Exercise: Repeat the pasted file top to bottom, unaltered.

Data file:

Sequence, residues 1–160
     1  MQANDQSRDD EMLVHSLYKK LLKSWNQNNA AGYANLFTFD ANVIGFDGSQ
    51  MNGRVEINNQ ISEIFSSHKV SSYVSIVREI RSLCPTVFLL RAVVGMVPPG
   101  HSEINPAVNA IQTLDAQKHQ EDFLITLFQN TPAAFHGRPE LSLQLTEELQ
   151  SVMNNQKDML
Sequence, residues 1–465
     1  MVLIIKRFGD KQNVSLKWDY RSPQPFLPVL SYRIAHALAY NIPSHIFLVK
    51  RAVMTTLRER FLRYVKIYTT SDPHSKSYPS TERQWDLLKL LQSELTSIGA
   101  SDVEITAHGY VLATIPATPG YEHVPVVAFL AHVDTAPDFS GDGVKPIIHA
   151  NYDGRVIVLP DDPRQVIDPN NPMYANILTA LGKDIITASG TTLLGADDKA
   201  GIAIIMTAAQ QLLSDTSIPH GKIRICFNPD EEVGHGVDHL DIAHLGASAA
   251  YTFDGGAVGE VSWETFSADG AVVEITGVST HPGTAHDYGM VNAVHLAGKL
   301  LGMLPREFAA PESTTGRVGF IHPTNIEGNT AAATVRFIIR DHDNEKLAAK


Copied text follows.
Sequence, residues 1–160
     1  MQANDQSRDD EMLVHSLYKK LLKSWNQNNA AGYANLFTFD ANVIGFDGSQ
    51  MNGRVEINNQ ISEIFSSHKV SSYVSIVREI RSLCPTVFLL RAVVGMVPPG
   101  HSEINPAVNA IQTLDAQKHQ EDFLITLFQN TPAAFHGRPE LSLQLTEELQ
   151  SVMNNQKDML
Sequence, residues 1–465
     1  MVLIIKRFGD KQNVSLKWDY RSPQPFLPVL SYRIAHALAY NIPSHIFLVK
    51  RAVMTTLRER FLRYVKIYTT SDPHSKSYPS TERQWDLLKL LQSELTSIGA
   101  SDVEITAHGY VLATIPATPG YEHVPVVAFL AHVDTAPDFS GDGVKPIIHA
   151  NYDGRVIVLP DDPRQVIDPN NPMYANILTA LGKDIITASG TTLLGADDKA
   201  GIAIIMTAAQ QLLSDTSIPH GKIRICFNPD EEVGHGVDHL DIAHLGASAA
   251  YTFDGGAVGE VSWETFSADG AVVEITGVST HPGTAHDYGM VNAVHLAGKL
   301  LGMLPREFAA PESTTGRVGF IHPTNIEGNT AAATVRFIIR DHDNEKLAAK